First as Tragedy, Then as Farce

tragedyfarceby Slavoj Žižek

The title of this book is intended as an elementary IQ test for the reader: if the first association it generates is the vulgar anti-communist cliche-”You are right-today, after the tragedy of twentieth-century totalitarianism, all the talk about a return to communism can only be farcical!”-then I sincerely advise you to stop here. Indeed, the book should be forcibly confiscated from you, since it deals with an entirely different tragedy and farce, namely, the two events which mark the beginning and the end of the first decade of the twenty-first century: the attacks of September 11, 2001 and the financial meltdown of 2008.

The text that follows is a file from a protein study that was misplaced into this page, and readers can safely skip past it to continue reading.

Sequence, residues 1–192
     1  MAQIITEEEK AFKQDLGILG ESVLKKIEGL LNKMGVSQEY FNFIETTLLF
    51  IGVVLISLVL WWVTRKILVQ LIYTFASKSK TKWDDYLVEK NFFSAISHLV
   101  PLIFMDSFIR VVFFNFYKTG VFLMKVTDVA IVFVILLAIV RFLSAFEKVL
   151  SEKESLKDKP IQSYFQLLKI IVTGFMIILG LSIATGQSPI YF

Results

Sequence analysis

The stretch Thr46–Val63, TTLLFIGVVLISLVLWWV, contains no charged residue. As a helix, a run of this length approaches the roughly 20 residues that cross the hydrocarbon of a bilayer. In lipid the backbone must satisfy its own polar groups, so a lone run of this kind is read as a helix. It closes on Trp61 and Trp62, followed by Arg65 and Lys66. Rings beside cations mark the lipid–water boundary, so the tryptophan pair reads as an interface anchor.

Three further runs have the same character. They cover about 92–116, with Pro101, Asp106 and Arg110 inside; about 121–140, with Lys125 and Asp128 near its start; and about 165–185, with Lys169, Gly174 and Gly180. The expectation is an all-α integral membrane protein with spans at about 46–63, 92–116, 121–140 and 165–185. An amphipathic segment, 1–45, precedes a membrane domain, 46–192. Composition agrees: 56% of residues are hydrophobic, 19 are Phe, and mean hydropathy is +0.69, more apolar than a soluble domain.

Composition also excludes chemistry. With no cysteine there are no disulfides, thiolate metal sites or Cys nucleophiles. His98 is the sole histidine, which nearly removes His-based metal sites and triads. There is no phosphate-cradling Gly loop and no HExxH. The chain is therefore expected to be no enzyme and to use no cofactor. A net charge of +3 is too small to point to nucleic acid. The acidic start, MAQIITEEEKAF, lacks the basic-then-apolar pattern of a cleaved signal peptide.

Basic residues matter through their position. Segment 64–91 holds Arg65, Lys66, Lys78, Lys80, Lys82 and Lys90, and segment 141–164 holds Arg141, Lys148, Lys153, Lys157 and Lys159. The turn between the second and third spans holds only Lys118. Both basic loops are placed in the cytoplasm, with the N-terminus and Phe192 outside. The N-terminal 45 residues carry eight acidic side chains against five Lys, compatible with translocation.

We should note the similarity of President Bush’s language in his addresses to the American people after 9/11 and after the financial collapse: they sounded very much like two versions of the same speech. Both times Bush evoked the threat to the American way of life and the need to take fast and decisive action to cope with the danger. Both times he called for the partial suspension of American values (guarantees of individual freedom, market capitalism) in order to save these very same values. From whence comes this similarity?

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